Evenings are just as bad, the kids are always in their own bedrooms hidden away, Paul is watching football and I’m sat scrolling through Instagram yet again (I’m addicted, send help) . How can we make memories when we are all in separate rooms? We’ve tried to set family time rules before but it always ends up with George stressing out because he’s missing Call The Midwife, Lyla getting upset because she wants her daily splash in the bath and Nev having a teenage grunt because she wants to be a drag Queen and is missing one vital ingredient. As soon as the new family rules were set, we’d given in and opted for the peaceful life.
I worry so often about whether the children have enough happy memories to share, I want them to tell their children how much fun they had with their parents and I want them to come to us later in life and say “we had amazing childhoods didn’t we?”
I’d love to say we are able to wipe our arses with fifty pound notes but we can’t, every penny we earn is ploughed into bills, our house and the kids, we just can’t afford massively expensive trips out to theme parks each weekend and fancy holidays. So it’s important that when we do go out, our trips are filled with fun and laughter. A simple walk can create so many happy memories and I’m realising now that you don’t need to spend the money to have good days out, but what you do need to do, is leave the phones and iPads alone.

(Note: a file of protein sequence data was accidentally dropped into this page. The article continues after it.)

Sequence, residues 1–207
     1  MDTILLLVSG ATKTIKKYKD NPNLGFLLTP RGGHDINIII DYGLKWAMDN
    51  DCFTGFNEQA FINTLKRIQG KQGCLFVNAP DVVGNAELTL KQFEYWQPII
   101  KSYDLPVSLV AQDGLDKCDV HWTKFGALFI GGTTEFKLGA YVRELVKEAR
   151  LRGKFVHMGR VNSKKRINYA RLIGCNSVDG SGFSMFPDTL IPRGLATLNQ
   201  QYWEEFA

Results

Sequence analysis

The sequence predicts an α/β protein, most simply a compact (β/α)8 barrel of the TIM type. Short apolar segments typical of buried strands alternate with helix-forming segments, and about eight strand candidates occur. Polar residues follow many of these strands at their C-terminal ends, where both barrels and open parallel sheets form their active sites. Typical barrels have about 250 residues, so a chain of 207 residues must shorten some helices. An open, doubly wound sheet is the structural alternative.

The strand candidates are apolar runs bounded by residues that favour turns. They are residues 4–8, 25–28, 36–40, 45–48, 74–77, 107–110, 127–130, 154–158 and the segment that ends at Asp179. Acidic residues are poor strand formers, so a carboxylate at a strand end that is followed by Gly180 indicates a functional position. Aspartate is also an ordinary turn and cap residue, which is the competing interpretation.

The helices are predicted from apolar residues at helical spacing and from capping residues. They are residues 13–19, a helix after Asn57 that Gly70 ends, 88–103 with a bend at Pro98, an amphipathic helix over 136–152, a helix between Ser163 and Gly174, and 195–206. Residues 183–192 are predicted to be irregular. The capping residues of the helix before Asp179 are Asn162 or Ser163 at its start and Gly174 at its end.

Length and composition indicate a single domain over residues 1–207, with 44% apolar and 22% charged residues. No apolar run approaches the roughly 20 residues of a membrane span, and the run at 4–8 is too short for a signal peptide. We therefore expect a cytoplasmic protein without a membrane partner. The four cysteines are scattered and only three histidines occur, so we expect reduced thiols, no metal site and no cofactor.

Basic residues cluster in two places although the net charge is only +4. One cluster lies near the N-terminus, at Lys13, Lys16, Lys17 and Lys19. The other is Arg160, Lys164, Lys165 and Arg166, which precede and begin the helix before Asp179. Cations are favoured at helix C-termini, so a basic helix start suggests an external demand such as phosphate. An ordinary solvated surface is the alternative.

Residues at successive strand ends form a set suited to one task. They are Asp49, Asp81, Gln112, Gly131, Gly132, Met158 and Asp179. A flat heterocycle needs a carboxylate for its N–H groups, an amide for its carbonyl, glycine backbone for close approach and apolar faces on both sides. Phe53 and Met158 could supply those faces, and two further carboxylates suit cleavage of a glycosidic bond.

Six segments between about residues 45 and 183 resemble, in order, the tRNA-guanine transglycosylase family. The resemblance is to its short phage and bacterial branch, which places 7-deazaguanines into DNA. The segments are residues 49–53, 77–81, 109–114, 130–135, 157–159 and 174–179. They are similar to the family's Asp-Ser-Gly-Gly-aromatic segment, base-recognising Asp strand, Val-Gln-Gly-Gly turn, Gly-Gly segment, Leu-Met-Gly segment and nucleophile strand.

Last night, Lyla taught me something really important. Family time is 100% needed. All she wanted last night was to sit together and play a card game but it was only Daddy that was happy to play, the rest of us were “busy”. Her little face was crushed and I felt awful that I’d put my phone before her, so we all sat around the table playing UNO, laughing, joking and enjoying each other. It was loud and boisterous but most importantly, it was fun. As soon as the game was over, everyone left the table and Lyla burst into tears, she’d had so much fun altogether that she didn’t want it to end but was worried to ask for another game in case we said no. But we didn’t. We sat around the table and played another round. The smile on her face made me melt, she loved being with us all and we all felt the same way. Admittedly, my phone wasn’t quite away as I couldn’t resist sharing a little video or three of the chaos that is, my family.